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Scandal in EU: EPPO gets inside EIB and seizes documents for big corruption investigation



An investigation by the European Anti-Corruption Prosecutor’s Office (EPPO) involves the EIB, its officials and even its headquarters, with an interesting and stunning development, not least because , according to, it involves the institution’s top management

The European Investment Bank (EIB) has accepted a request from the European Public Prosecutor’s Office (EPPO) to lift the immunity of two of its former employees, as well as the inviolability of its premises, buildings and archives in Luxembourg. This overcomes all the imminences enjoyed by the EIB and its officials, whose premises, like those of the ECB and ESM, enjoy a kind of inviolability from the police.

The request was made as part of an ongoing investigation involving two individuals suspected of corruption and abuse of influence, as well as misappropriation of EU funds. The suspects were reported to EPPO by the European Anti-Fraud Office (OLAF). In compliance with the legal mandate under EU law (Protocol 7 on the Privileges and Immunities of the EU), as stipulated by the Court of Justice of the European Union, the EIB granted the waiver of immunity to two former employees. This will allow the EPPO investigation to be pursued with assiduity and efficacy.

Who are these suspects? EPPO does not say, but Politico says it is Werner Hoyer, who retired as EIB president late last year and is now facing a corruption case, as confirmed by his lawyer.

German and Luxembourg police officers have seized material related to the investigation in recent months, according to two officials who were granted anonymity to describe confidential matters to POLITICO. The officers also searched Hoyer’s home.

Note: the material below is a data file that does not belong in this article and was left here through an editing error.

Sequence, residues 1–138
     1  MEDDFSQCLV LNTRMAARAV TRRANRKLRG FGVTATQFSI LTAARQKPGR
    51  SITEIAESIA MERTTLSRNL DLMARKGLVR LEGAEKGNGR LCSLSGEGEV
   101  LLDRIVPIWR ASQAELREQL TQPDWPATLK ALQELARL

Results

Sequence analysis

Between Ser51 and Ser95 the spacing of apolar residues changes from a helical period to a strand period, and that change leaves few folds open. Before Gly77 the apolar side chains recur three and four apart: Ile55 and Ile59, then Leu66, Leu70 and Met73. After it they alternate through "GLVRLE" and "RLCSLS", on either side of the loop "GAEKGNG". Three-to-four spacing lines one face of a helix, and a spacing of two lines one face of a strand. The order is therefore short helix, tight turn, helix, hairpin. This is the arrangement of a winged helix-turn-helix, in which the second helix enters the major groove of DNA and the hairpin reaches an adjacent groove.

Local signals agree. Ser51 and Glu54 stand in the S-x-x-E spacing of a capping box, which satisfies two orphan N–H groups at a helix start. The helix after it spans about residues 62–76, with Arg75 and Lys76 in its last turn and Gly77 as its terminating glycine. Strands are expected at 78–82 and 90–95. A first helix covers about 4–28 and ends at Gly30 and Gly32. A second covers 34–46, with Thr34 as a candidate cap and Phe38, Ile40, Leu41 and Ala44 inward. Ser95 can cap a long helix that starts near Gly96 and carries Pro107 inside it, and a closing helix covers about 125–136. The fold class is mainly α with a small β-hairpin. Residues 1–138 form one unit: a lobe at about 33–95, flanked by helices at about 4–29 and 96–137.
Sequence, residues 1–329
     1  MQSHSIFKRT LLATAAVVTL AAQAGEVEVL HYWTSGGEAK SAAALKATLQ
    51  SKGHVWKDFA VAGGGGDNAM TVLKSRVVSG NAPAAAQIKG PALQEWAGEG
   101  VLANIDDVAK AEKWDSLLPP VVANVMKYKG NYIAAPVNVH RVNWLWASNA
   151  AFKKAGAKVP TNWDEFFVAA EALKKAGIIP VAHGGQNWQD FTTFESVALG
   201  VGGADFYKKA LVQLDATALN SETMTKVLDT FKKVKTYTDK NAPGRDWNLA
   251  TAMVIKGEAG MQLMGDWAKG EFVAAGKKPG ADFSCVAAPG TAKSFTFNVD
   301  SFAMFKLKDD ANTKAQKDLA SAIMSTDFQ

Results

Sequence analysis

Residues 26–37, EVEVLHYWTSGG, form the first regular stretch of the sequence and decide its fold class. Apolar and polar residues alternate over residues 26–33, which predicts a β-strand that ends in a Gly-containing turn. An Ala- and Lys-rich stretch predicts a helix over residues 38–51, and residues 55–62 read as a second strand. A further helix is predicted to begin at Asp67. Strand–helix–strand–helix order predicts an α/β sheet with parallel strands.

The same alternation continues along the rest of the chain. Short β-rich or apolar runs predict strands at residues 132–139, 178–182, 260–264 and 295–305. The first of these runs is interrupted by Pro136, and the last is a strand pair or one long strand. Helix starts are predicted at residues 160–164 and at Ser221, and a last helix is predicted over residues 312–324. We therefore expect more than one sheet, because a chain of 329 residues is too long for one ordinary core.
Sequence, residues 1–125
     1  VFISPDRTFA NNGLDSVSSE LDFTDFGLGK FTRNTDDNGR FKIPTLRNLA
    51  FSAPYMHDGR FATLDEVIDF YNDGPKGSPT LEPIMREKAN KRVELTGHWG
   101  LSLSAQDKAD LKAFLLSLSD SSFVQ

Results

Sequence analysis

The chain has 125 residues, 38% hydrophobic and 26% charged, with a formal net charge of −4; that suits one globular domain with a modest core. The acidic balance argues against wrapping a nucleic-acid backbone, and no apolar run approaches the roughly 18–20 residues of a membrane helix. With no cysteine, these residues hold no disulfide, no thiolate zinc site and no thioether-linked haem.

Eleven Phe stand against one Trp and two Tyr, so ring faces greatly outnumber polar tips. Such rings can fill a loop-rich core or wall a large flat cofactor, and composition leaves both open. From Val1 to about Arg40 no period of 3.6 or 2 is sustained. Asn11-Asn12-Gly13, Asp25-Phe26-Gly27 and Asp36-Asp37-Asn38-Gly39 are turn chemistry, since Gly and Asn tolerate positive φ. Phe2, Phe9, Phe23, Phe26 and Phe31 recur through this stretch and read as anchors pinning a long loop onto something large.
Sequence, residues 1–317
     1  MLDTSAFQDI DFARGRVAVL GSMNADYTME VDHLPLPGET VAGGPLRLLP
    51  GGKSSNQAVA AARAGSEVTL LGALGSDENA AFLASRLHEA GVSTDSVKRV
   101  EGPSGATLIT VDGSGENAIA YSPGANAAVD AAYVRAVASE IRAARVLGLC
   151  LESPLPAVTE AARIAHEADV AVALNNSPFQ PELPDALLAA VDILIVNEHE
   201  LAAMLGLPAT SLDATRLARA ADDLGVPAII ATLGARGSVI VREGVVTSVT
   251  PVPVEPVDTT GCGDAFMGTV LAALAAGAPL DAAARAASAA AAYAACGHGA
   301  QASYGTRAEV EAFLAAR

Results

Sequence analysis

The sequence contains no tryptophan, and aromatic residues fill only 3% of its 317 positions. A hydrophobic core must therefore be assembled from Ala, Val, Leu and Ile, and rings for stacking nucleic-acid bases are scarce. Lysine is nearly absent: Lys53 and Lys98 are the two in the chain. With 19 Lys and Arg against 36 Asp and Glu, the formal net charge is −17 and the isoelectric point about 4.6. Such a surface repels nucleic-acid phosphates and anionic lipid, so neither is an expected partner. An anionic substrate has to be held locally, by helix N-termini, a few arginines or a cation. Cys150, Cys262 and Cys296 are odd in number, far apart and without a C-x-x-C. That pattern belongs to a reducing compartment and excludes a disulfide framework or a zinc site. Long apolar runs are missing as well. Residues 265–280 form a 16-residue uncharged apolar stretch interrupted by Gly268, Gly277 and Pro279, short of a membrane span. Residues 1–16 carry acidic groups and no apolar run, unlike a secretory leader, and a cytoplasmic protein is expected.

Hoyer denied any charges through his lawyer, who said the EPPO investigation focuses on the departure of an EIB employee and the compensation he was paid in this context. Hoyer signed the exit package in accordance with EIB rules, trapping him in the investigation even though he was not part of the negotiations, the German’s legal team said.

Now Eppo will continue by gathering information in strict compliance with the principles of the rule of law and rights guaranteed, in particular, by the EU Charter of Fundamental Rights. All parties concerned are presumed innocent until proven guilty in competent courts, as should be the case throughout Europe. Unfortunately, instead, in Italy and many other countries, the press publishes names before even the suspects themselves are informed.

No further details about this ongoing investigation will be made public so as not to compromise its outcome. Whenever there is something to report, EPPO will do so proactively. So we will have to wait for reporters to let some news slip out.

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